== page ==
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Wonder Bread and other popular Hostess bread brands will return to some retailers’ shelves this fall, the new owner of those brands said this week.
But when, or if, Wonder, Home Pride, Nature’s Pride and other Hostess brands will once more occupy the shelves of stores in Toledo and northwest Ohio is uncertain.
Even less certain is whether the former Hostess Brands Inc. Bakery in Northwood will reopen at all. The bakery, which had 160 workers, closed in November after Hostess Brands filed for Chapter 7 liquidation following a dispute with its unionized workers.
Since then, other companies used a court-approved auction process to acquire most of the assets of Hostess, including its various bread and baked goods brands and its baking facilities.
Wonder, Home Pride, Nature’s Pride, Merita, and Butternut bread brands were acquired for $355 million by Flowers Foods Inc. of Thomasville, Ga., which had its own brands and bakeries.
The company also acquired 20 bakeries, including the Northwood facility, along with 36 distribution warehouses that belonged to Hostess.
Flowers Foods, the second-largest baking operation in the country, received federal regulatory approval to acquire the bread brands on July 8, and it completed its purchase on July 22.
On Tuesday, Allen Shiver, the company’s president and chief executive officer, said some consumers could expect to see Wonder and other Hostess brands return to store shelves this fall, most likely in October.
But he also indicated that Flowers Foods would be very deliberate in rolling out the Hostess bread brands — which have been off the market since Nov. 16.
Mr. Shiver said that the bakeries the company purchased likely would be reactivated only if demand warranted and some of the 20 facilities might never reopen and could be sold.
“We plan to reintroduce the brands in a way that will enhance consumer choices, strengthen the overall category for retail customers, build our distributors’ business, and, of course, positively impact the Flowers Foods’ bottom line,” Mr. Shiver told analysts on a conference call after the company reported its quarterly earnings.
“Our plans to reintroduce new brands across markets served by our [direct store delivery] system are being finalized for this fall. We have good indication that our retail customers are excited about supporting our reintroduction of the brands,” he said.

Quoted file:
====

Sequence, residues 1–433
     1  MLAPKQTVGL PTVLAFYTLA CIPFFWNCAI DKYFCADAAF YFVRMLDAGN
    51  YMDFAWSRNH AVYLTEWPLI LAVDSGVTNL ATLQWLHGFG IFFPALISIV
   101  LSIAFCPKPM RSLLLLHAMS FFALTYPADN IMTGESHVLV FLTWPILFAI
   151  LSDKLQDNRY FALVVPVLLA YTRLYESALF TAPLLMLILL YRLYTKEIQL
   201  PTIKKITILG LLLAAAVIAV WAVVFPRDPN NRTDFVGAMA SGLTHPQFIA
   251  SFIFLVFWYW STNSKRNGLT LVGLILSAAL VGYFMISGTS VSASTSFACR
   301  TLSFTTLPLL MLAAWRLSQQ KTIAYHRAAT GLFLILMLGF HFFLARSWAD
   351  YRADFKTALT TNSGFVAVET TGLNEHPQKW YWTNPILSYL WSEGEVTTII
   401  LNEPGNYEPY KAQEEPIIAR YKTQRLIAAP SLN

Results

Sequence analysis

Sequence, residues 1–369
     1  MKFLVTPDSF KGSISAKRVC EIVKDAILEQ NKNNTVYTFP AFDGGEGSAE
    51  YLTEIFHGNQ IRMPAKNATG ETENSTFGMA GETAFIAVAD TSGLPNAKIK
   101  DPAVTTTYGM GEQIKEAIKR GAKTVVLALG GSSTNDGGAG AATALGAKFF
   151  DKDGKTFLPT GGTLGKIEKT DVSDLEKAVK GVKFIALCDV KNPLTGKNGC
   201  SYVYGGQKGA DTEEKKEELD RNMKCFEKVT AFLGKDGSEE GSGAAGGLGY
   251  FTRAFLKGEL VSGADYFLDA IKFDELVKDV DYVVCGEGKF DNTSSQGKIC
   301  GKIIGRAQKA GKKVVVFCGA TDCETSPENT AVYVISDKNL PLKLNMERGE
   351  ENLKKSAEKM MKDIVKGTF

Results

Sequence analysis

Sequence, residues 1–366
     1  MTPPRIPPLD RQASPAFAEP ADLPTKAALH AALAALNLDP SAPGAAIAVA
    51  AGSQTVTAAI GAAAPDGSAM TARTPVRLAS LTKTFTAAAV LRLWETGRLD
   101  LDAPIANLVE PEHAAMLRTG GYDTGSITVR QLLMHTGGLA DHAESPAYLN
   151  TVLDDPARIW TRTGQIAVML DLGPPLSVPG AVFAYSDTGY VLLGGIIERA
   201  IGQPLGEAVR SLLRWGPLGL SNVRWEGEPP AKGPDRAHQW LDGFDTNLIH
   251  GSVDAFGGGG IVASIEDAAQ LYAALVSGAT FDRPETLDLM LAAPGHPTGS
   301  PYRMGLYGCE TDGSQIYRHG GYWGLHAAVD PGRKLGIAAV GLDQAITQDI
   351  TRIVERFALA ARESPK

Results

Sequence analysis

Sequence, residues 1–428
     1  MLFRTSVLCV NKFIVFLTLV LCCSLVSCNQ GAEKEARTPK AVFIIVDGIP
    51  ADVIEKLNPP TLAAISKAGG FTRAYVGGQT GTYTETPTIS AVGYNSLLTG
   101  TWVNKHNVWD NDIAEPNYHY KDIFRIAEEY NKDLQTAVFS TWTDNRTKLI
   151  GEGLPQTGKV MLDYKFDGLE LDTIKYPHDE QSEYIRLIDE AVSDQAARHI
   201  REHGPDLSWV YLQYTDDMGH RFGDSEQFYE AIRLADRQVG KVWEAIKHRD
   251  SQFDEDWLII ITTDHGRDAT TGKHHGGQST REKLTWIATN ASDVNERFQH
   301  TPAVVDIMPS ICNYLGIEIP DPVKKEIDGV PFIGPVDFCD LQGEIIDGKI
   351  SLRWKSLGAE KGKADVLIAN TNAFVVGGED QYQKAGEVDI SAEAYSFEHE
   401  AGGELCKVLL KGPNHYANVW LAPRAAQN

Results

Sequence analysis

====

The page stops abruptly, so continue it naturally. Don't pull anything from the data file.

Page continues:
The 20 bakeries “are strategically located across the country. One of the questions we often hear is when will we reopen the Hostess bakeries? At this point, we’re able to meet consumer demand through our existing bakeries. We’re confident that consumer demand will increase as we reintroduce the Hostess bread brands. As we need additional production capacity, we plan to reopen bakeries,” Mr. Shiver said.
As part of Flowers Foods’ strategy, the company plans to return Wonder and other brands to shelves at first only in the markets it serves with its own bakeries. The company’s nearest bakeries to Ohio are in Oxford, Pa., southwest of Philadelphia, and Bardstown, Ky., south of Louisville.
Keith Hancock, a Flowers Foods spokesman, said the company plans to produce its Hostess bread brands at its existing bakeries and move product as far as it can and still retain freshness.
“The way we’ve typically grown is through market expansion off of our existing territory. ... We grow from our existing footprint outwards,” Mr. Hancock said.
Mr. Shiver said Flowers Foods plans to “continue to enter new markets.” Toledo is considered a new market, Mr. Hancock said, but Flowers Foods’ plans for northwest Ohio are uncertain.
“We fully realize that from a national brand standpoint, these are well-known brands. They have strong following, and we hope we can reintroduce these to folks as soon as possible,” Mr. Hancock said.
Additionally, the Northwood bakery likely will not reopen until demand warrants. “We’ll build our sales volume from existing clients. When sales volumes are acceptable, then we’ll reopen the bakeries in those markets," Mr. Shiver told analysts.
“From our standpoint, we hope that demand increases to the point that we need them,” Mr. Hancock said.
Contact Jon Chavez at: email@example.com or 419-724-6128.